Death By Chocolate

Death By Chocolate
By Paul Freed. Richmond Players, NSW. By arrangement with ORiGiN Theatrical, on behalf of Samuel French Inc. – A Concord Theatricals Company. Directed by Penelope Johnson. May 4, 11, 18, 25, 2024

Death by Chocolate is an ideal production for a community theatre group to present.  Mystery and mirth, a single setting with a clever design, OTT characters for actors of varying levels of experience to get their teeth into and a script jam packed with one-liners – corny and politically incorrect in equal measure – making for a fun and entertaining night at the theatre.

Richmond Players, performing at the Richmond School of Arts, are based in the Hawkesbury area on the outskirts of Sydney.  There is a touch of nostalgia to the buildings and the streets as you drive into town.  It was easy to imagine I was heading to the Meadowbrook Health Resort!

So, the scene was set for the opening show of this ‘80s comedy set in the office of Lady Riverdale, new owner of the Meadowbrook Health Resort, following the untimely and mysterious death of Henry Meadowbrook.

As a first time Director, Penelope Johnson had the task ahead of her.  The script is not easy to navigate and there is no doubt the dialogue doesn’t always hit the mark in these enlightened times.  Full marks to her for steering her cast and getting the best out of them.

Lady Riverdale (Emma Taite) is anxious and excited about the imminent grand opening of the new and improved resort and her assistant, Dyslexia (Tahlia Ransley) is doing her utmost to keep Lady R calm and focused.  No easy task when this highly strung woman knows only too well her secret past may be revealed to all by the dastardly Ralph Deadwood (Martin Crew). Taite pranced around the stage, brandishing a riding crop to great effect, issuing demands and instructions to the hapless Dyslexia played with nervous energy and a suitable level of frustration by Ransley.  Martin Crew’s Deadwood was played with all the stereotypical nastiness you’d expect and the snide remarks and insults brought groans, moans and guffaws from the audience.  Crew played the audience like a fiddle!  Not to be outdone, John Stone (Joel Baltaks) gave as good as he got and used and abused the fourth wall to perfection.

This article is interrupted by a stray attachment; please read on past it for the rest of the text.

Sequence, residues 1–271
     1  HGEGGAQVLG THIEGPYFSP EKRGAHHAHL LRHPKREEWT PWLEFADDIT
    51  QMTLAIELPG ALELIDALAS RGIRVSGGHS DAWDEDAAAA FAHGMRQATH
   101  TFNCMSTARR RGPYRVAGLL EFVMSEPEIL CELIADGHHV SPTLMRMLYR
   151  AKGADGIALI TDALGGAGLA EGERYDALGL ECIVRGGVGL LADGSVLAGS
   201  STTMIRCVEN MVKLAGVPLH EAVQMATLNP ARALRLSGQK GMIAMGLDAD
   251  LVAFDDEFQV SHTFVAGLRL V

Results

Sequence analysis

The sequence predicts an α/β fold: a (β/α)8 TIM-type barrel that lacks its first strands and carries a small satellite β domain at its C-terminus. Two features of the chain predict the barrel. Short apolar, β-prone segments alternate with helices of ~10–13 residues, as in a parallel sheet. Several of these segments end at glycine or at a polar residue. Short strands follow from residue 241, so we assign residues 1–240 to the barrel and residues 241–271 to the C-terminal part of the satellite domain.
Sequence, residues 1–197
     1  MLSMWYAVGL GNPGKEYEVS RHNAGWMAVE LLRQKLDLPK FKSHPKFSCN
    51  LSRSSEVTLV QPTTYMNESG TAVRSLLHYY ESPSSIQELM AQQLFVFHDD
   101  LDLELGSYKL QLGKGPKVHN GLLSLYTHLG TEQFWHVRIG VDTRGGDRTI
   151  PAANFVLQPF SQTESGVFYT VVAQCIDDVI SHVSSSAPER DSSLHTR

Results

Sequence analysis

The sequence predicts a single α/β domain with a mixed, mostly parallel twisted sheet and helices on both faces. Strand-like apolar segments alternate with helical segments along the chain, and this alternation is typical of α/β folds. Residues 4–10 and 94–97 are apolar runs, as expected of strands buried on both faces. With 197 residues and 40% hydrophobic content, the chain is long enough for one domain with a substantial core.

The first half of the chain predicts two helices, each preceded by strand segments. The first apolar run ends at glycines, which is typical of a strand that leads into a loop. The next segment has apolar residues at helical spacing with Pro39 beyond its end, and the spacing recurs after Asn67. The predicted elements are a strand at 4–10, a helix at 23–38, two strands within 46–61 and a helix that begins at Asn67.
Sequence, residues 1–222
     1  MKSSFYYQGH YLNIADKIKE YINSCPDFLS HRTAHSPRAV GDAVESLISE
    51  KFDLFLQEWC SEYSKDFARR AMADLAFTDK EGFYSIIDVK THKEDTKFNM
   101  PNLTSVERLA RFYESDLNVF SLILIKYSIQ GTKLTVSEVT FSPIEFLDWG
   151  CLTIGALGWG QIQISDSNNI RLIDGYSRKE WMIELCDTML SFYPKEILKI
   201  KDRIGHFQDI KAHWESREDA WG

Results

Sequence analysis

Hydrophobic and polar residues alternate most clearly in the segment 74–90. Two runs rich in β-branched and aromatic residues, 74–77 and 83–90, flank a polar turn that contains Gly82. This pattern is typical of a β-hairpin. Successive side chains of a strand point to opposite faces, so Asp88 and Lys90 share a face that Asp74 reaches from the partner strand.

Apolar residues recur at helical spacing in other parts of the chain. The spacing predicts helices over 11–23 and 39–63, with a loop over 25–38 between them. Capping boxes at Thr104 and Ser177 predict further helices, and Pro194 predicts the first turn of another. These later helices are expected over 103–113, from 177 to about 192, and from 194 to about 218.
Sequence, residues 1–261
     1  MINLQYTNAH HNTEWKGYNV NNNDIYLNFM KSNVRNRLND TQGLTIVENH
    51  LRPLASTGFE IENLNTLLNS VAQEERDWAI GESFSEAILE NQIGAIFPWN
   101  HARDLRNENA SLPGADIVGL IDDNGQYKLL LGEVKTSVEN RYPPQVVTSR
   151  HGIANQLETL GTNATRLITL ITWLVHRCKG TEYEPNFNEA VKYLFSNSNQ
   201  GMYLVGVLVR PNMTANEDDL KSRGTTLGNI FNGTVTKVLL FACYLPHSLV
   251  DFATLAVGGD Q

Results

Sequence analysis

Margaret Daniels, played by Heloise Tolar, is on the prowl determined to get the scoop on the murderous events at the resort.  Tolar ruled the roost with her tough persona and gritty attitude.  Overseeing all that goes on is Alfred Mellox, played in an understated manner by Michael Niccol. Lovers of comedy thrillers would immediately keep Alfred under close scrutiny – suspicious of where this is all heading.

Of course, no ‘80s Health Resort would be complete without an Aerobics instructor; enter Dick Simmering (James McLanders) – he of the obvious wig, fluoro gym wear and mincing manner.  It is worth mentioning McLanders is the Stage Manager for this production, so kudos to him for managing the show on and off stage.

Chef Edith Chiles (Sally Winsor) bursts into the scene and brings a lot of humour and personality to some tense situations.  Her larger-than-life persona was wonderful and her performance demonstrated the fact there are no small parts in a play.  The Late Henry Meadowbrook’s daughter, Sweet Pea (Anthea Brown) is eating her way through her mourning period.  Seen as something of a thorn in the side of everything Lady Riverdale is trying to achieve at the resort, Alfred appears to be her only ally.  Brown retained her dignity and gained the sympathy of the audience when cruel jokes and insults were spat her way by Stone and Deadwood.  Lisa Hardwidge played the pill popping Resort Nurse with a perfect blend of wide-eyed innocence and vague disinterest, while the arrival of mystery writer, Ed Parlor, played superbly by Peter Phan brings energy and urgency to the stage as we approach the final reveal and solve the mystery of who has been on a murderous rampage at the Meadowbrook Health Resort.

The set, designed by Steven Wimmer is attractive and functional, complete with a secret door, and makes excellent use of what seems to be a relatively small space.

Resources, human and otherwise, are a little slim on the ground at Richmond, so it was great to see acknowledgement in the program of support offered by other community theatre groups.  It’s what community theatre is all about.

Annette Snars

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